Today we embark on the second half of our series. We have dealt primarily with theological teachings thus far, but in the coming messages we will talk more about practical application. In other words, how do we take the theology we’ve learned and incorporate it into daily living? What is the Christian life supposed to look like? During these next several messages we will discuss topics such as the church and its ordinances, Christian education and evangelism, what we believe about the end times, and the Christian worldview - among other things. We will begin this morning with an overview of the church, as detailed in the Baptist Faith and Message.
A New Testament church of the Lord Jesus Christ is an autonomous local congregation of baptized
believers, associated by covenant in the faith and fellowship of the gospel; observing the two
ordinances of Christ, governed by His laws, exercising the gifts, rights, and privileges invested in
them by His Word, and seeking to extend the gospel to the ends of the earth. Each congregation
operates under the Lordship of Christ through democratic processes. In such a congregation each
member is responsible and accountable to Christ as Lord. Its scriptural officers are pastors and
deacons. While both men and women are gifted for service in the church, the office of pastor is limited
to men as qualified by Scripture. The New Testament speaks also of the church as the body of Christ
which includes all of the redeemed of all the ages, believers from every tribe, and tongue, and people,
We will deal with the church ordinances specifically next week, and so for the sake of today's sermon we will not discuss them in detail. Having reserved that for later, in the remaining text of this statement I see three broad areas - the church's make-up, mission, and management.
The word church is used in two different ways in Scripture. On some occasions it refers to all born-again
believers everywhere and of every age. This is the universal church - all Christians across the globe and from every generation. However, the overwhelming majority of the time the word church refers to a specific group of people at a confined geographic location.
There are 6 descriptors of the make-up of the New Testament church. First, it is local. It is found at a particular place consisting of a people living in that area. Second, it is autonomous. It is self-governing, and not bound by any other human authority or religious hierarchy. Third, it is a congregation. It is a group or gathering of people who constitute the church - not a building! Fourth and fifth, it consists of baptized believers. A person must have accepted Christ and been saved in order to be a true member of the church. In addition, as the first step of obedience in their Christian walk the new believer must be baptized - not for the attaining of salvation - but for church membership. And sixth, the church is associated by a covenant relationship. It is more than a loose organization where membership is meaningless - rather, the church consists of those solemnly pledged to Christ and to each other.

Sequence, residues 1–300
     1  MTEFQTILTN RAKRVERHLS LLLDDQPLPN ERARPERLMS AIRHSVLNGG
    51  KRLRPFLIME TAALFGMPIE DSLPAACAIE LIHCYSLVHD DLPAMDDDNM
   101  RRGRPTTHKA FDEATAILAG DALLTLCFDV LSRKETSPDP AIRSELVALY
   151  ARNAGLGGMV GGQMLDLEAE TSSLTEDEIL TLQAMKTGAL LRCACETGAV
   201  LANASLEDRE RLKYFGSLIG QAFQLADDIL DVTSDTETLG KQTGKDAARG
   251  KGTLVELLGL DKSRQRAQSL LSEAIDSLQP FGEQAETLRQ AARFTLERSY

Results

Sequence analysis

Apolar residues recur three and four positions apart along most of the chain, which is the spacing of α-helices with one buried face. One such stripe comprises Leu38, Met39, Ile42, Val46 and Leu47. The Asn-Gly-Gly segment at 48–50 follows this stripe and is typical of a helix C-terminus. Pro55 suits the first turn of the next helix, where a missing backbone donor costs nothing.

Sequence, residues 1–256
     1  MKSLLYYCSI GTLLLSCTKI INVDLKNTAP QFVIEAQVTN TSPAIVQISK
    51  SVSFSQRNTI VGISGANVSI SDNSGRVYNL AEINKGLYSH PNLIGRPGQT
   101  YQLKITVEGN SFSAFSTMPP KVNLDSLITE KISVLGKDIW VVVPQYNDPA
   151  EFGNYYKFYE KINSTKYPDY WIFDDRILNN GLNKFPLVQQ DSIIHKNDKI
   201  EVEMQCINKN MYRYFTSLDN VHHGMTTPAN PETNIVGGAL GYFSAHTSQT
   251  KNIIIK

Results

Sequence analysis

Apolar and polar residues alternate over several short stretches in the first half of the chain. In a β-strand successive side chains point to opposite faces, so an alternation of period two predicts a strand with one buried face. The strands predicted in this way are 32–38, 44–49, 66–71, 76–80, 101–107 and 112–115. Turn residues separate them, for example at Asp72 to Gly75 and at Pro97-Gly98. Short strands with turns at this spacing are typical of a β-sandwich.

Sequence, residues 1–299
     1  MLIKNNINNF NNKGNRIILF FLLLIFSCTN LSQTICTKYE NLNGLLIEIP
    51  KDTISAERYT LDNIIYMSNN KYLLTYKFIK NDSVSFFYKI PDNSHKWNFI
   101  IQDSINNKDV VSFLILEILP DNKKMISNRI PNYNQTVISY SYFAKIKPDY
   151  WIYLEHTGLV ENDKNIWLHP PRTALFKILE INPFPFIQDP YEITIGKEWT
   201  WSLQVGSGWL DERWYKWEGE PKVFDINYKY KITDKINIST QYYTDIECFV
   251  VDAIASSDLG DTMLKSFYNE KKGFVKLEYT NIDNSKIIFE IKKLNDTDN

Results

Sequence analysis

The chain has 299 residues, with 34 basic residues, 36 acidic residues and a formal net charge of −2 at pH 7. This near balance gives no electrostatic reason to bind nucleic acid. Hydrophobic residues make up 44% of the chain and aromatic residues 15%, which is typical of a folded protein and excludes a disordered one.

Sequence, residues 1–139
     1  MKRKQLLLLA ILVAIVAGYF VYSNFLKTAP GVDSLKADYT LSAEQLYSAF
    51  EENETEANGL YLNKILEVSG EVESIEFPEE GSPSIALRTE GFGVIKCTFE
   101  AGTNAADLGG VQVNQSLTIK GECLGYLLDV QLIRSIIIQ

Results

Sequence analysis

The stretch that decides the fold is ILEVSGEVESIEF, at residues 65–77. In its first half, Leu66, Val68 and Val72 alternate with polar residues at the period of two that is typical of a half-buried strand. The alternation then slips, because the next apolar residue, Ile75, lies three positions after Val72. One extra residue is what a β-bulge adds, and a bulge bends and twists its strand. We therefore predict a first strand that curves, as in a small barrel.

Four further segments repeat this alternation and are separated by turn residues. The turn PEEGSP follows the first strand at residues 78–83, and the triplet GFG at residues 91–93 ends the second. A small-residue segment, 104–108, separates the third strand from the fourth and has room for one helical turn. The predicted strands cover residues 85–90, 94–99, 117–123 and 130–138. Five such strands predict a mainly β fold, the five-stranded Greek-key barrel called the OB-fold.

The mission of the church is multi-faceted, but generally it is to foster and promote worship, discipleship, fellowship, ministry/service, and evangelism/missions. A church worships God by expressing love to Him - through singing, giving, praying, preaching, and so on. They practice discipleship by teaching, learning, studying the Bible, and growing in the likeness of Christ through spiritual maturity. Through fellowship, the people of the church develop and deepen personal relationships to support and encourage one another. Though ministry/service, the church endeavors to serve others and to meet their physical needs. And through evangelism/missions, the church carries the gospel message to the ends of the earth.
The management of the church boils down to three steps. The head of the church - the sole authority over it - is none other than Jesus Christ. He directs the church and the pastor, under the leadership of the Holy Spirit, seeks to discern this direction and communicate it to the congregation that has been entrusted to Him by God. Deacons assist the pastor and church by ministering to the numerous needs of the members. The congregation, also led by the Spirit, and by consensus, either affirms or renounces the pastor's understanding of Jesus' leadership of the church. Following this method and in one accord, the church moves forward operating as a theocracy which employs a democratic process.
Much of what we've touched on today - but not all - is specific to the Southern Baptist denomination and our interpretation of the Bible. This will also be the case next week when we discuss the church ordinances. Until then, I pray that God will use you mightily to bless those around you in His name.